Newspaper article The Tuscaloosa News

GUEST COLUMNIST: Out with the Old

Newspaper article The Tuscaloosa News

GUEST COLUMNIST: Out with the Old

Article excerpt

The recent removal of the Kilgore House, built by a riverboat captain in 1890, from the University of Alabama campus is a sign of the times: Out with the old, and in with the new.

And, in the same time frame, in Lima, Peru a 5,000-year-old pyramid complex was destroyed in part by two building companies. This complex is one of the oldest structures built in the Americas, and its loss was irreparable for the culture and history of Peru, not to speak of

humankind in general in the western hemisphere.

So, the question arises: Why keep and defend these old buildings and pyramids? The easy answer, of course, is that they reflect a part of our history, and so their existence serves to keep that memory alive and constitutes a vital part of what makes us what we are. On the other hand, not everything old is worth preserving, although remembering is important.

Take modern medicines for example. Who would want to go back several hundred years when people sickened and died from so many diseases when ailments are now cured or prevented, such as small pox, polio and the flu?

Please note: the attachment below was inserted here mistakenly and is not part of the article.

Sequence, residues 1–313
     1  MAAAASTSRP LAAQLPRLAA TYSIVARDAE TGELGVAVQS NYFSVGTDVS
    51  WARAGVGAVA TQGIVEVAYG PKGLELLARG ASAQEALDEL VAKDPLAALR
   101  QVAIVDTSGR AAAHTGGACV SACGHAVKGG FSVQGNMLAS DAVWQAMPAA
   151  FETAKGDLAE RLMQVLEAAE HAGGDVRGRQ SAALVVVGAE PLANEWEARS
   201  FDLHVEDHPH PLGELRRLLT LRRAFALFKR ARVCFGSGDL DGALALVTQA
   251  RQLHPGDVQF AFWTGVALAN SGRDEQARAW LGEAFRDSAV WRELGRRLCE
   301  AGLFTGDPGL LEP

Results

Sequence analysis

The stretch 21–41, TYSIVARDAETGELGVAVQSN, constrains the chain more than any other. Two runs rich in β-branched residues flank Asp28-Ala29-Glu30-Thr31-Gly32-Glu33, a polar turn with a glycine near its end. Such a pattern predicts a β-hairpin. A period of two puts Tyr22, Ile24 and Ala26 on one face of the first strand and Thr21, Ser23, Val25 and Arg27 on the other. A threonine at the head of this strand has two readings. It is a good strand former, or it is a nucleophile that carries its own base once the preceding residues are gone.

In medicine, new is generally good and old is, well, old. Chicken soup and rest can certainly help ameliorate a bad cold, but drugs off the shelves can actually keep you at work.

That, in and of itself, may actually not be an improvement. Staying at home in bed, and so missing school or work, and being fussed over by a concerned mom or spouse should not be dismissed contemptuously as hopelessly old fashioned and most inefficient. An antiseptic doctor's office where you are moved along like cattle on the slaughter line is not very comforting.

Those of you in today's generation know that just about everything you have is obsolete almost from the moment you buy it. The old is ancient and out of fashion or out of touch or too slow or woefully inadequate compared to the newest item that flashes on the Internet, luring you in like a fish going for a juicy worm.

But that worm satisfies you only for a few seconds. Your hunger - - for the new and the latest -- returns almost immediately. It is a never-

ending pursuit, like a puppy chasing its tail.

That hardly seems like an improvement over the old. How many times have I settled comfortably into some software before some idiot comes up with a new, improved version and I have to relearn it all? Try learning a new language every few years. How about Chinese or Arabic for starters, not something easy like Spanish or German.

And, like in medicine, aviation is a paean to the new. Who wants to fly like Jimmy Doolittle in the 1920s, from one wreck to another, lost in the fog and clouds, daredevils whose survivability into middle age was nearly zero. Doolittle lived into his 90s due largely to his decision to stop flying at an earlier age when he lost the "right stuff. …

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